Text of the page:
4 Steps for a Successful TEFL Career: Part 4 – Continuous Professional Development
By Eduardo Santos
Good professionals are aware that learning should never stop, and it’s no different for English teachers. Professional development must be seen as an ongoing process for TEFLers who are willing to be successful. With the explosion of the internet in the past decade, access to information has increased tremendously for the average individual and opened up new possibilities for free professional development online. Sharing and learning beyond the staff room is possible and it can be done anywhere at any time.
Here are four ways TEFLers can learn, connect and share online:
1. Personal Learning Networks and Twitter chats
Twitter has turned out to be one of the most powerful tools for English teachers to build their Professional Learning Network (PLN) online and discuss issues and trends in teaching with like-minded professionals from all over the world. Many schools, authors and publishers have Twitter accounts and connecting with them can be a starting point. Search for institutions and authors and connect with them through Twitter, then follow the people they follow and expand your network. Another way of building your PLN is through chats on Twitter like #ELTChat with sessions on Wednesdays at 12:00pm and 21:00pm London time.
Joining a group is also a great way to connect with professionals from all over the world who share similar interests in different teaching areas. Some of these groups can be found on Ning or Facebook. A very popular group for techie teachers on Ning is Classroom 2.0. You can also join discussions through Facebook groups. Use keywords to search for Special Interest Groups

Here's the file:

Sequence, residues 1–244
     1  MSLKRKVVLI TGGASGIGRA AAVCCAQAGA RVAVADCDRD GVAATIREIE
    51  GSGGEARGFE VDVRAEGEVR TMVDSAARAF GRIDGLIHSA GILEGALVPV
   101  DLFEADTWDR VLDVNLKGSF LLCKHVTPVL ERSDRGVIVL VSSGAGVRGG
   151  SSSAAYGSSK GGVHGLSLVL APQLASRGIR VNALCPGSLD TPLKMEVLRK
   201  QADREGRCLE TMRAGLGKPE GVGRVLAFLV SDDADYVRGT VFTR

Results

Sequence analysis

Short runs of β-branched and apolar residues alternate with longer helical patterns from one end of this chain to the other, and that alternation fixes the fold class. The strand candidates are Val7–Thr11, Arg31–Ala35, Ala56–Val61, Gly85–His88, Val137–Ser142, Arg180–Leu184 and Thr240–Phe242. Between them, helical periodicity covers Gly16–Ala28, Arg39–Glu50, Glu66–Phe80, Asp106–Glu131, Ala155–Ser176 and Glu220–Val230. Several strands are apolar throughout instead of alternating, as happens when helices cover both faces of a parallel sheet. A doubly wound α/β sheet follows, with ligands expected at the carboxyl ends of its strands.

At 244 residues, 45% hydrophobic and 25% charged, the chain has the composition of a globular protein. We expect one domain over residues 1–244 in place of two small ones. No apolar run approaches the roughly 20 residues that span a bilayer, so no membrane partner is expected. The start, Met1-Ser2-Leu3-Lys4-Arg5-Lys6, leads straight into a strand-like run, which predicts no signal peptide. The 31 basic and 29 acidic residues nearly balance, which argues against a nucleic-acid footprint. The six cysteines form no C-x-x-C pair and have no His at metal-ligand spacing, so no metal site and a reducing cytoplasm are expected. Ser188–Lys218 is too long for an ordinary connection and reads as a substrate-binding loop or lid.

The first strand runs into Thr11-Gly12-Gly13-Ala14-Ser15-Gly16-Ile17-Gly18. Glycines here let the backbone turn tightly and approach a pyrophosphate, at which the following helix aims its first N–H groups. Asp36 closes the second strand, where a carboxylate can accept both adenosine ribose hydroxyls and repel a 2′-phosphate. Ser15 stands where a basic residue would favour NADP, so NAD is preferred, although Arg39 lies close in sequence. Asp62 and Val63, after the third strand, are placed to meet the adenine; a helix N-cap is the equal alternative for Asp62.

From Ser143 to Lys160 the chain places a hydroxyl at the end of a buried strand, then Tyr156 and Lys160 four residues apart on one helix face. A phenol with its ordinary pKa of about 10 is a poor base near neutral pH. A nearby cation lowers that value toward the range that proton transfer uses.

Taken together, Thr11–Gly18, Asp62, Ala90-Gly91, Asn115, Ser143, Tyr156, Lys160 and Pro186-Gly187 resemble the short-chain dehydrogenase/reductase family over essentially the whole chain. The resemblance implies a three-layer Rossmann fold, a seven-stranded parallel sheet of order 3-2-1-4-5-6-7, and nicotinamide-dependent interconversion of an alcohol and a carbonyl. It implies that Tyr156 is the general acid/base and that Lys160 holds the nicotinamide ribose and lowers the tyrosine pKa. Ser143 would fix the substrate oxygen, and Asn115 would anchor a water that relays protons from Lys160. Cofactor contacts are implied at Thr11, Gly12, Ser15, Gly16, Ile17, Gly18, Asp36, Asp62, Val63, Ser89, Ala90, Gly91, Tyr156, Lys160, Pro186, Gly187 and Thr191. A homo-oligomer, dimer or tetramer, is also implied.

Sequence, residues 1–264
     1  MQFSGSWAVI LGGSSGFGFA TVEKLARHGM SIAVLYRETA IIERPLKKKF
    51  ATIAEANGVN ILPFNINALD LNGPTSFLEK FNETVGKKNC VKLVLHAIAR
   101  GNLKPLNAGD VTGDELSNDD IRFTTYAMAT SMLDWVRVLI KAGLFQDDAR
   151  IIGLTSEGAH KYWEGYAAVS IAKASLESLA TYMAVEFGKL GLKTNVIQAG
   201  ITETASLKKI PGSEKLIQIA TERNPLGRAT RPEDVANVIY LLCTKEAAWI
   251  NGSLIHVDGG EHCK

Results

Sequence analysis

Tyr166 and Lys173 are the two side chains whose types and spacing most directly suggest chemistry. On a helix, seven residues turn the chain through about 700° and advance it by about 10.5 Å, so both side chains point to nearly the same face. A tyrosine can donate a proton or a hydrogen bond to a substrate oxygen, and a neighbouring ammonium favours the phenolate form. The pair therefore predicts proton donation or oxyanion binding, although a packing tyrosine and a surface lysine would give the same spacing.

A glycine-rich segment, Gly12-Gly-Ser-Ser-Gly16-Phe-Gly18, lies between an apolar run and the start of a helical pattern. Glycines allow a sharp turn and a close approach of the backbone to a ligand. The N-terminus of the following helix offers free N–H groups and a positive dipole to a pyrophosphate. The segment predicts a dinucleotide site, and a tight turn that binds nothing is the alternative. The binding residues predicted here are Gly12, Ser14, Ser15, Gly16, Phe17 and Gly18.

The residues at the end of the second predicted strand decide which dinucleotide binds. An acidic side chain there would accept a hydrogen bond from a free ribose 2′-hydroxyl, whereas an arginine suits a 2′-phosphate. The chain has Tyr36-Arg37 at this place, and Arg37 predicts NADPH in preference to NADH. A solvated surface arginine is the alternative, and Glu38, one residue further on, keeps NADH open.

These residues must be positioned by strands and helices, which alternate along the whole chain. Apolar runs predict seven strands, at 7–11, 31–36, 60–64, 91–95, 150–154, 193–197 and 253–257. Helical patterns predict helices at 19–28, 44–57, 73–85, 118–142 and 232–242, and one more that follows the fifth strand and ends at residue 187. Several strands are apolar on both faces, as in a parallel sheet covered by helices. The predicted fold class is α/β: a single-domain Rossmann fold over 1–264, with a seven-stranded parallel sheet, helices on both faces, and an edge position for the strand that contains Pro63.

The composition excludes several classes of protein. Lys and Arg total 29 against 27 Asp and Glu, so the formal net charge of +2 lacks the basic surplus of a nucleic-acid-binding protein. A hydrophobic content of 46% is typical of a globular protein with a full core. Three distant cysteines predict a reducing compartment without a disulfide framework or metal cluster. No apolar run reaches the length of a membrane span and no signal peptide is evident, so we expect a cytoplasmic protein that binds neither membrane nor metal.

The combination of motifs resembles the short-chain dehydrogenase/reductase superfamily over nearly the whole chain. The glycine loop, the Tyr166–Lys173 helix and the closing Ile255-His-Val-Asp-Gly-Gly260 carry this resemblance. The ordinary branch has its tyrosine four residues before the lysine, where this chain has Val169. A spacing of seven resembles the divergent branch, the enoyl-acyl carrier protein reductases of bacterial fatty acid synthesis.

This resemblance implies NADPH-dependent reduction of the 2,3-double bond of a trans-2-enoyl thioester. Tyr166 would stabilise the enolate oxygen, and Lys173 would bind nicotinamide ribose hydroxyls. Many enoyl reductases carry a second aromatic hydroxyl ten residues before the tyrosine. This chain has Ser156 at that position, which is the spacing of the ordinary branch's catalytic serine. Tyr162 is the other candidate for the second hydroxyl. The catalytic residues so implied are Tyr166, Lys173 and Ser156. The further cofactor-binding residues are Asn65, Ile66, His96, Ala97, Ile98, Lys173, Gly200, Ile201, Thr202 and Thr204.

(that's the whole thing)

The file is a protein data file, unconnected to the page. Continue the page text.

(SIGs) on Facebook and you might find groups of English teachers from your region or teachers who are interested in young learners, business English, and so on.
A quick and easy way to learn online is through webinars, which may last from 30 minutes up to an hour and a half. They can be offered by Teachers’ Associations, publishers or popular education-focused websites. Webinars have become popular in the last few year,s and even if you can’t attend the webinar at the right time, they are usually recorded, which means that you can go back and watch it later. For exampls, every Friday, Shelly Terrell conducts 30-minute webinars on issues related to English teaching through the American Tesol Institute. Every month, the SimpleK12 Teacher Learning Community also holds great webinars on trends in education.
4. Online Conferences
I highly recommend English teachers attend local and international conferences. It’s a great chance to meet authors face to face and to network during coffee breaks. Unfortunately, it’s not feasible for some teachers to attend these conferences due to the costs of flights, accommodation, conference fees, and so on. The good news is that most of the big conferences now have materials and even live streams of the sessions and workshops available online for free. Last week, the Business English Special Interest Group (BESIG) held its annual conference in Croatia, but teachers who couldn’t make it to the conference were able to watch some of the sessions online. I also took part in my first ever online conference this year: The Reform Symposium joined by educators from all over the world, with sessions all day long for three days.
Professional development has shifted from local to worldwide and it can happen anywhere at any time. Taking part in online conferences, attending webinars, joining groups, and building your professional learning networks are ways not only to avoid burnout as a teacher, but also to achieve a successful TEFL career.